Writer-director-star Shawn Christensen’s “Curfew” was a minor miracle of a short film. This 2012 Oscar nominee was cynical and bitter, sad and uplifting — and deeply, darkly hilarious — a lot to manage in 19 magical minutes.
“Curfew” earns a feature film treatment titled “Before I Disappear,” with Christensen, his precocious co-star Fatima Ptacek, and a supporting cast that now includes Emmy Rossum, Ron Perlman and Richard Schiff. Expanded and fleshed-out, the short film becomes a somewhat more showy and melodramatic movie, just as moving, just as funny and almost as magical.
We meet Richie (Christensen) in the tub. He’s narrating a letter to Vista, his girfriend.
“I hope this note finds you well. But as these things go, that won’t be the case.”
Richie has a razor blade. Vista is dead. Richie’s planning on joining her. The bathwater turns crimson.
He’s about 30, a junky, and a janitor. Richie’s seen something — a young woman, dead of an overdose, in the toilets he cleans at a club run by Bill (Perlman). Bill tells Richie to forget what he saw, and slips him some “Flora,” a nickname for heroin. Richie lied to his other employer, Gideon (Paul Wesley), who was in love with the dead woman. So Richie figures that’s about enough.
But the phone rings. And rings. And rings. It’s his estranged sister, Maggie (Rossum), who asks a favor in the most profane, judgmental and hateful way. Can you, you worthless, unreliable lout, pick up my daughter from school and get her home?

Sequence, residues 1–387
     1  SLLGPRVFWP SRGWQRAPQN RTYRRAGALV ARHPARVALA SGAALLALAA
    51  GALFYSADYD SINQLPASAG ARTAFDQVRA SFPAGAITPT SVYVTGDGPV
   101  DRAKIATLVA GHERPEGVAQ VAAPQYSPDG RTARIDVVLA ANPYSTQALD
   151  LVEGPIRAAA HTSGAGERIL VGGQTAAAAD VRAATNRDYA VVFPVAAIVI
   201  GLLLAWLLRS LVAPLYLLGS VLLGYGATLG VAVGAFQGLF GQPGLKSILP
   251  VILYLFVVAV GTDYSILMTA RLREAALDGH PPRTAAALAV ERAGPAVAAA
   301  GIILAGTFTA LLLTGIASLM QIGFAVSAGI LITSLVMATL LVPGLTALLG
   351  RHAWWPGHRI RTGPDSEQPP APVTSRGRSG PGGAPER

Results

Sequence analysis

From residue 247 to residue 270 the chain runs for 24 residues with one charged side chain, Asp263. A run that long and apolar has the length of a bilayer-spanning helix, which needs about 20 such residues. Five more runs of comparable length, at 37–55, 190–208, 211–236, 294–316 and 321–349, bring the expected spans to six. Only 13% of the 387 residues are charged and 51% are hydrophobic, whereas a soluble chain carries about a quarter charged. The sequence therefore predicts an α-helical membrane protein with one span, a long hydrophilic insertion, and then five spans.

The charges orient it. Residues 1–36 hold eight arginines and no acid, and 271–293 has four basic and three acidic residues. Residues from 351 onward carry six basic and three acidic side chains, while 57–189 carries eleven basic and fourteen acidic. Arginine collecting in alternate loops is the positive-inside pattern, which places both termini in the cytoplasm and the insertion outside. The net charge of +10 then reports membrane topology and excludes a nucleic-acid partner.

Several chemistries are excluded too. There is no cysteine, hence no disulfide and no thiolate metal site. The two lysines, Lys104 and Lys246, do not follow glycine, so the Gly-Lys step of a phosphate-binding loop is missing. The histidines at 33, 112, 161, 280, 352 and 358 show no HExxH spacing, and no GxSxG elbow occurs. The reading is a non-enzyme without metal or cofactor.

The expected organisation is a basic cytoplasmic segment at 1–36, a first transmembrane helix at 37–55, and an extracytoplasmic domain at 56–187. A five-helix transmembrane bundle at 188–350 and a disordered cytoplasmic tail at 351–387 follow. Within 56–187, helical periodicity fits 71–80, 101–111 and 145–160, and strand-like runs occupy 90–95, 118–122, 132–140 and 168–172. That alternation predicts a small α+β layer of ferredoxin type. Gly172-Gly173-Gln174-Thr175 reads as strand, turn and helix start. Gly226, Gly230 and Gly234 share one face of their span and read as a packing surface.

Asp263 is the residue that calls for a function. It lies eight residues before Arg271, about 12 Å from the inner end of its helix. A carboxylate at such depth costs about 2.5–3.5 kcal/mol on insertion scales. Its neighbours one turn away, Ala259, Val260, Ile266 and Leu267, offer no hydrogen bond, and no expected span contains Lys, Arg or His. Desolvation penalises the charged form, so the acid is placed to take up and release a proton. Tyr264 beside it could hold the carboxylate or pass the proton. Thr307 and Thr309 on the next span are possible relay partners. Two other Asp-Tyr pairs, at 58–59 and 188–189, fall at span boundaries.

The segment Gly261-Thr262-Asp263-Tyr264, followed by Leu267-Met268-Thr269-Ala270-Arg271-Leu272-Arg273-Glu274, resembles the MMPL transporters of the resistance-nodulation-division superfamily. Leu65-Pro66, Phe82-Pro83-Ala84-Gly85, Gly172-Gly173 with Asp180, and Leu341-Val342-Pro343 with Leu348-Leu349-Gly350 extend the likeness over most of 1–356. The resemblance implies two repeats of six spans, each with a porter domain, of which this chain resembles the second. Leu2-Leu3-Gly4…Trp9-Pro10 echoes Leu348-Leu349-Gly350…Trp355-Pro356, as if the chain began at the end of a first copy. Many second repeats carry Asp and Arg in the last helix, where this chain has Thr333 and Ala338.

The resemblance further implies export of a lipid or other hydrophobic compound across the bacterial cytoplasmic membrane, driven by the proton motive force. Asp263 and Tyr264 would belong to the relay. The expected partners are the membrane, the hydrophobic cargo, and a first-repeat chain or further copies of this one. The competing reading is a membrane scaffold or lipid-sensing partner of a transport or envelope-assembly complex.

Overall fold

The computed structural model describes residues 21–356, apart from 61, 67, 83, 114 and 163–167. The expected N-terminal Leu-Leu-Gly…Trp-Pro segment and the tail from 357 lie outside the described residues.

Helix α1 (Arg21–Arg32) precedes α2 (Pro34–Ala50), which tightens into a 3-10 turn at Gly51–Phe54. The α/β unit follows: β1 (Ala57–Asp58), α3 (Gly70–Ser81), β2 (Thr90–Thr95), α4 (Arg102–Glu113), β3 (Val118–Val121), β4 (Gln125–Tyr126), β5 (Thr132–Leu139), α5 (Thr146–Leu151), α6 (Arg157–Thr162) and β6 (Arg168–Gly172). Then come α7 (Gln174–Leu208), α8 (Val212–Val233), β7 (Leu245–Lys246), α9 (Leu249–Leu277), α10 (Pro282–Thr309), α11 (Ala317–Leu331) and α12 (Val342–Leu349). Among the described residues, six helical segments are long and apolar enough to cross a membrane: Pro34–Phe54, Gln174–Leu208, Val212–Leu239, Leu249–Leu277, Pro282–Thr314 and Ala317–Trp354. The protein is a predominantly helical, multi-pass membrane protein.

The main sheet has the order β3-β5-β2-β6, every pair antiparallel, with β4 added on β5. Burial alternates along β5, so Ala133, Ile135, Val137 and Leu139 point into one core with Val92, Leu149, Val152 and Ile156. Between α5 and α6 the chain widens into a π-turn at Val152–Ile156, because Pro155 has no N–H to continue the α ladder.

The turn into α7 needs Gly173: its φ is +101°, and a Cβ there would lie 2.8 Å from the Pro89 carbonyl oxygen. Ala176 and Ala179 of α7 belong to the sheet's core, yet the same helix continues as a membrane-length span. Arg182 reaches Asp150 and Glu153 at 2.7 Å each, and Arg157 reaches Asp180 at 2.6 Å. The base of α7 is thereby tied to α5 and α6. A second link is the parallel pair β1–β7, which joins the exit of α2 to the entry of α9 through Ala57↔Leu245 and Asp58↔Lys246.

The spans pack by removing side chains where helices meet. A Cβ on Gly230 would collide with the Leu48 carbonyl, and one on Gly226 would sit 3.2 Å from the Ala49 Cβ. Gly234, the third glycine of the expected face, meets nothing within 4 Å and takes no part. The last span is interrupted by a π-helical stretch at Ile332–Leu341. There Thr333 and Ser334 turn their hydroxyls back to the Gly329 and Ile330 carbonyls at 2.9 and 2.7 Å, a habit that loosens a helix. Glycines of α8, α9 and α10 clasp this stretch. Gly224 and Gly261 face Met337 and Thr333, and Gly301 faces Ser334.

Richie bandages his wrist, figures he can put off suicide for an hour or two, and staggers, smoking, into young Sophia’s school. She is reciting Emily Dickinson’s “Because I Could Not Stop for Death” — first in English, then in Mandarin. She is a uniformed sixth grader, organized, uptight, an overachiever in school and in gymnastics. She is impatient with this stoned stranger picking her up. “There will be hell to pay,” she threatens, if he cannot get her home to do her homework, study for a test and continue over-achieving. And there will be.
The chemistry between these two is electric. Christensen’s eyebrow arches at Sophia’s every insult, as if he is not sure she’s just another of his many hallucinations. He makes Richie soulful and sweet, but given to righteous rages when he feels others are being wronged. Ptacek’s Sophia is the adult, assertive in every situation. They storm into a dinner at Bill’s place, and she sits herself down and digs in with his henchmen. They stagger over to a hipster bowling alley, and she dances to her favorite electronica pop right down the lanes.
OK, maybe it’s whatever drug Richie has popped that has him seeing that.
Through a long, comically tragic New York night, these two bond, we hear the story of how Richie and Maggie grew up and grew apart, and they avoid people who want to collect from him or kill him, or grab her as a way of getting at her mother.
We can guess where this is going, but as with his short film, Christensen fills the sure-to-be-redemptive story arc with surprises. Ptacek, as she was in the short, makes a great foil.
And the addition of Rossum and Perlman to the cast adds pathos and paranoia, guilt and menace.
Christensen may have won the best short dramatic feature Academy Award, but his real prize was the chance to turn some marvelous characters and gripping, gritty situations into a feature length film. “Before I Disappear” was his prize, and as it turns out, our prize, too.
Cast: Shawn Christensen, Fatima Ptacek, Emmy Rossum, Ron Perlman, Paul Wesley, Richard Schiff
Credits: Written and directed by Shawn Chistensen. An IFC release.
Running time: 1:33